In an audacious move, Animal Collective's follow-up to their hugely successful Merriweather Post Pavilion is not actually a record - it's a film directed by Danny Perez accompanied by a soundtrack written and performed by the band. The film, ODDSAC, is being called a "visual album" -- recalling, of course, Pink Floyd's The Wall -- and screened last night at the Egyptian. Perez appeared at the screening, along with band members Avey Tare, Geologist, and Deakin to do a Q&A. Here are some facts they gave us about the film:
Adriano Fegundes Animal Collective's ODDSAC will not be available as a record - only as a DVD.
-- The band first started talking about making a concept film about four years ago on a drive to Seattle.
-- The film's strong horror elements are partially inspired by some of the band's favorite films, like The Shining and The Texas Chainsaw Massacre.
-- Most of ODDSAC was filmed at an estate with a castle in upstate New York - although all of the scenes with the castle actually in them ended up getting cut.
-- Some of Perez's ideas were deemed "too crazy" to film - for instance, one of the first things he wanted to film was teenagers in a car crash, with "girls flailing out of a limo." That got vetoed.
-- The budget for the film ended up being around $65K.
-- Finally, the name ODDSAC came from some conversation the band had about gummy candy, but "we just liked the way it looked basically."
ODDSACitself is essentially 52 minutes of your worst nightmares come to life.
The opening sequence shows a troupe of invisible flame twirlers led by a man made entirely of pink sparkles dancing in the pitch-black night as a buzzing synthesizer hums and shudders, apocalyptic bass vocals sound, and a timpani heart-stoppingly begins to thud in rhythm with the action onscreen. You really need to brace yourself to watch this. And let's be honest - if you're not on drugs, you're not going to like a lot of this film. ODDSAC is disturbing, but it's my hope that other bands will follow suit in exploring different media mediums as an output for their music. The visual elements of this film hugely heightened the emotion of Animal Collective's music - they turned the simple act of listening to a CD into a tangible and certainly memorable experience. Other key scenes include:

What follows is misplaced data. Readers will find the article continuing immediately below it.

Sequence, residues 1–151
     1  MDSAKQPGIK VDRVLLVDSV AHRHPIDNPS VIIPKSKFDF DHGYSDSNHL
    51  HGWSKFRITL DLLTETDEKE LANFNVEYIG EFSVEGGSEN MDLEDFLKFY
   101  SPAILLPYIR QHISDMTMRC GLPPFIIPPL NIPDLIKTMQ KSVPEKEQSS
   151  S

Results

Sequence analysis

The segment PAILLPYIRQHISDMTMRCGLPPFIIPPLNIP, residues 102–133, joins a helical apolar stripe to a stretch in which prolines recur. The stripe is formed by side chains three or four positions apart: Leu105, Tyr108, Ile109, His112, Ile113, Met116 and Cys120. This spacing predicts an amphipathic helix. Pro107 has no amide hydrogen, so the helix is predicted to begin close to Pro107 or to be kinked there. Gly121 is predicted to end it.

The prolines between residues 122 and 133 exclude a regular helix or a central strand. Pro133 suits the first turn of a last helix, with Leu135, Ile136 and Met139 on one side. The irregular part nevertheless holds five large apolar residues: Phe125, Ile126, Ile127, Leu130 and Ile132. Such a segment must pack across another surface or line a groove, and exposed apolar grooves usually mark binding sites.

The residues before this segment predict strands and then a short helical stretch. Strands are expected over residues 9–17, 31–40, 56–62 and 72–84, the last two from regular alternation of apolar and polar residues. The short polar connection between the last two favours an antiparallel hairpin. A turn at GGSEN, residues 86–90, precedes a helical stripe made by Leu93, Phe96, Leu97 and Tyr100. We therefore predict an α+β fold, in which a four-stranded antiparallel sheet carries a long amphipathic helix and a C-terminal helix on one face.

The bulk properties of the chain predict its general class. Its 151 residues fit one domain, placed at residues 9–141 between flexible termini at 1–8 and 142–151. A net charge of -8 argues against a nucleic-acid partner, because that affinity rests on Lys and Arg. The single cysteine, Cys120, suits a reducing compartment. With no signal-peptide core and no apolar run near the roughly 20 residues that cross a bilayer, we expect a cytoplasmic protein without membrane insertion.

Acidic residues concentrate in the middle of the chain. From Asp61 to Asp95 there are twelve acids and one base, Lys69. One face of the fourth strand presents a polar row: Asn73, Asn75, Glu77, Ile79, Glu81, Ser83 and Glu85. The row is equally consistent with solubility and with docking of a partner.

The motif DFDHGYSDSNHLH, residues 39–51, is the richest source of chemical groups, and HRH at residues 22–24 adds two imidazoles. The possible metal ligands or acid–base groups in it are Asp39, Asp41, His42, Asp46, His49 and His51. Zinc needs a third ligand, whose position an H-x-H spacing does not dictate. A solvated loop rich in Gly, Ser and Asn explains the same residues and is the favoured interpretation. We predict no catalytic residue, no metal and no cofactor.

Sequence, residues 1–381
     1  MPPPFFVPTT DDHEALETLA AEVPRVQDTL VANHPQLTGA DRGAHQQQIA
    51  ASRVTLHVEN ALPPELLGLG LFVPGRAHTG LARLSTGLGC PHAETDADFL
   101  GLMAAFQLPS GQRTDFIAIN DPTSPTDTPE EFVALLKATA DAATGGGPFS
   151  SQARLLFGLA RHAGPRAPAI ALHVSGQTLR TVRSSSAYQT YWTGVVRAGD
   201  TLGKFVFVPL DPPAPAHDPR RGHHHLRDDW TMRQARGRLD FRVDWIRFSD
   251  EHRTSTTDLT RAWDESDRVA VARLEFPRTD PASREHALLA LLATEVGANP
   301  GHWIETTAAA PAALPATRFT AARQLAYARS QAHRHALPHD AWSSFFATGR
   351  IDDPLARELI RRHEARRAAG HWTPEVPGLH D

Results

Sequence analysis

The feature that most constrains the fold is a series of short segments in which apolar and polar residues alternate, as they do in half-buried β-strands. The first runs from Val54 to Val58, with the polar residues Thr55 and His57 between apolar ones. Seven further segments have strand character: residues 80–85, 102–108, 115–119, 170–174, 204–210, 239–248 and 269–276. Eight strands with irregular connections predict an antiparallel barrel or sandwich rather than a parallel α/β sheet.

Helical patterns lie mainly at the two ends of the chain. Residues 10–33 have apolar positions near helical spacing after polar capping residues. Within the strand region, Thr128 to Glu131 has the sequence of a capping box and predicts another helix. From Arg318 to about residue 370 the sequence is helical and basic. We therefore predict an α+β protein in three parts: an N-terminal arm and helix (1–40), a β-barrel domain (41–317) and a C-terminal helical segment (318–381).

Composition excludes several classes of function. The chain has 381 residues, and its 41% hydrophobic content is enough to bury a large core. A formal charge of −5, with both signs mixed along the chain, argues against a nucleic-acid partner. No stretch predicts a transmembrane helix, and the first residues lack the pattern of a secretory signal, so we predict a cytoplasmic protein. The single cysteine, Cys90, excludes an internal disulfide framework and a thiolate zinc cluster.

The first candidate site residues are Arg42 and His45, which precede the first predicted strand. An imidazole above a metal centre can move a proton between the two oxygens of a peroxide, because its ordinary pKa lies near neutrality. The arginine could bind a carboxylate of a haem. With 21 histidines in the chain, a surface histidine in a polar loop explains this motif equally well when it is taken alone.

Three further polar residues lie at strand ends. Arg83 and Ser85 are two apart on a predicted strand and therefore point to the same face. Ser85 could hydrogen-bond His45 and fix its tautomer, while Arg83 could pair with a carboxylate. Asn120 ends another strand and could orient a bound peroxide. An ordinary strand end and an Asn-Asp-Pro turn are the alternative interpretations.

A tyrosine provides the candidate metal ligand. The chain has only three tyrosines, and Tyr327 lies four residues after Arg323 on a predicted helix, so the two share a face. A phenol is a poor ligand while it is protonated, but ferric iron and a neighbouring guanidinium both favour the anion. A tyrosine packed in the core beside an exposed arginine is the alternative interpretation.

-- A human figure coated in black slime writhes on a floor.
-- A moon-faced little girl states, "He hates chocolate; he hates everything but green beans."
-- A Beach Boys-sounding vocal melody plays as a vampire (played by Deakin) with a pasty white face and a round bald forehead canoes through a shimmering river by moonlight.
-- A family marshmallow roast turns into a horrifying mass murder (children's bloody brains are ripped out and eaten).
-- And, in my favorite and the most epic scene, a sloppily clad figure who resembles a white-haired Rob Zombie (although we never seen his face) painstakingly sets up a drum kit in a riverbed in the middle of a very Northwestern-looking wilderness and just starts thrashing away.
Most of the music in ODDSAC reminded me of the first time my best friend played Fever Ray for me. Percussion boomed, instruments reverbed, vocals howled. After a few minutes, I turned to her and said, "Dude. This music is scary."
It's nonetheless monumental and hands-down the best stuff I've heard from Animal Collective yet. There aren't any "My Girls"-style catchy hits, but ODDSAC doesn't need the radio. It's got its own movie.
Check out the freaky ODDSAC trailer.